Diego Souza is the Global Chief Information Security Officer (CISO) at Cummins Inc., and he is very proud of how far he has come, particularly in a space that has traditionally lacked diversity.

Souza is a thought leader with over 20 years of experience delivering innovative security solutions and leading sizeable global cybersecurity teams. His journey started at Hitechno, a family-based company in Brazil as the network administrator. In 2003, he joined INPE (a Brazilian government department), focusing on network security, incident response and security management. While serving as the Brazilian IT manager for Dresser, in 2011, he joined General Electric (GE) Power through an acquisition.

While at GE, he participated in the Corporate Audit Staff (CAS), a GE leadership and career acceleration program that Souza believes helped shape him as a leader. He then held the role of Senior Director for GE Oil & Gas, where he led the global IT security team to strengthen security controls around the organization’s international sites, examining new technologies and opportunities to enhance business security.

During his career, Souza has also held leadership roles at United Airlines and was responsible for the organization’s global core security technologies, developing security strategies and standards. “I had the pleasure to work in different industries, from the Brazilian government, to oil & gas, aviation and now in the manufacturing/automotive space. The knowledge and skills I obtained throughout my career were critical to helping me succeed as a senior leader and as a leader of people,” he says.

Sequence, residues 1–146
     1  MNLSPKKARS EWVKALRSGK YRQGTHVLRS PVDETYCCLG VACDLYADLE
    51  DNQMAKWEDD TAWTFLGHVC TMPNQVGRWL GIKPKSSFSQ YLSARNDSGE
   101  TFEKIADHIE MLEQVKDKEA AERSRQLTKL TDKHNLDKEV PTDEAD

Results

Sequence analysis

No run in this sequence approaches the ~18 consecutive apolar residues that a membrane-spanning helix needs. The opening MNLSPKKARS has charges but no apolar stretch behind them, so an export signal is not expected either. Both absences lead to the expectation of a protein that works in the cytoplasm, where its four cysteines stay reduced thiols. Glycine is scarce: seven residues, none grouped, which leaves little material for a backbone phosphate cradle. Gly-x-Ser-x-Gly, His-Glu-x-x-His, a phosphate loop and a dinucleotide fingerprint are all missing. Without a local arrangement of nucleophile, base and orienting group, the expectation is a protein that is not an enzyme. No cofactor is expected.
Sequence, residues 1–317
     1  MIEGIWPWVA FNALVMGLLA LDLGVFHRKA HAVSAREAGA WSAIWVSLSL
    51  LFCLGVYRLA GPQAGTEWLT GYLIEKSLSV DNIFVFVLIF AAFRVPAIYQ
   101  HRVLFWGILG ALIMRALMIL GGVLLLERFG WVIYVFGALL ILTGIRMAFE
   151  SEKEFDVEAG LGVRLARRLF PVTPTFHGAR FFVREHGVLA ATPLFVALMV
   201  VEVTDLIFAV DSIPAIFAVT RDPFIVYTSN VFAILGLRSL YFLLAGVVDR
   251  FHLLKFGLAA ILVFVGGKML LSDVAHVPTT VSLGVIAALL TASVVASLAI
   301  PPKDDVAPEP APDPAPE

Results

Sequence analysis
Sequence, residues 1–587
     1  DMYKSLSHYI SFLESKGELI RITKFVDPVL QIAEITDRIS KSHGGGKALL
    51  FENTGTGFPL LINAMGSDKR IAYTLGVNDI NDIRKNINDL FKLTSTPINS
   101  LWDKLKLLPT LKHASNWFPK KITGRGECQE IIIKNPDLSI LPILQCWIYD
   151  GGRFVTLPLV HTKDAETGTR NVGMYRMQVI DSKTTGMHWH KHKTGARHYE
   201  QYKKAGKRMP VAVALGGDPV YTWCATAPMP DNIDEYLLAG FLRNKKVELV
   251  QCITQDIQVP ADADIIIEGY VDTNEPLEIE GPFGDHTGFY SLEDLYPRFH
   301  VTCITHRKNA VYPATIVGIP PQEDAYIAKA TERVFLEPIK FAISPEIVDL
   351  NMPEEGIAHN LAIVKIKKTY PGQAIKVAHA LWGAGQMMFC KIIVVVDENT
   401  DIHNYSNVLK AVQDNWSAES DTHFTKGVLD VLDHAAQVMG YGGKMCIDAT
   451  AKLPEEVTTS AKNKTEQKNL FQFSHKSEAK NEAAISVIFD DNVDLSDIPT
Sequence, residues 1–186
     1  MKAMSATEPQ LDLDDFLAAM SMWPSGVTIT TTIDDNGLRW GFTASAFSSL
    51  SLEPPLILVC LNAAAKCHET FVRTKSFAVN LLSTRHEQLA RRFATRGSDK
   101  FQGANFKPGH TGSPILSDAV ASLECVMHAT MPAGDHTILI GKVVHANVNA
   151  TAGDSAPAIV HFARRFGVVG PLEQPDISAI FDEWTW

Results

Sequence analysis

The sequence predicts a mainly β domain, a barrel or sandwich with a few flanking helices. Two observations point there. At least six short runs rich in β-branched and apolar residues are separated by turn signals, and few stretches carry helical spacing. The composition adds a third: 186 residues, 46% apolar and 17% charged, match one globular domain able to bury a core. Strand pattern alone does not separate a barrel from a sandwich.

In his current role at Cummins — an American multinational corporation that designs, manufactures, and distributes engines, filtration and power generation products — Souza has spearheaded a number of initiatives to help navigate the very complex environment and risks the company faces, as well as all the challenges of a manufacturing organization that runs several legacy systems. With a traditional IT infrastructure, Cummins is actively looking to transition into the new digital transformation era.

As part of his responsibilities, Souza’s main goal is to embed cybersecurity into the organization’s DNA, helping the business quickly understand what cybersecurity represents and the benefits of owning a mature cybersecurity program. To support that mentality, Souza and his team have built a CyberSMART program, to embed a cybersecurity culture within the organization and further cybersecurity awareness. “As part of this program, we have communicated and connected with our employees, enhancing our phishing and training programs and testing every month to help the entire organization mature in awareness. As a result, we have seen many employees reporting malicious emails (including real ones), and cyber is becoming a subject at all levels of the organization,” he says.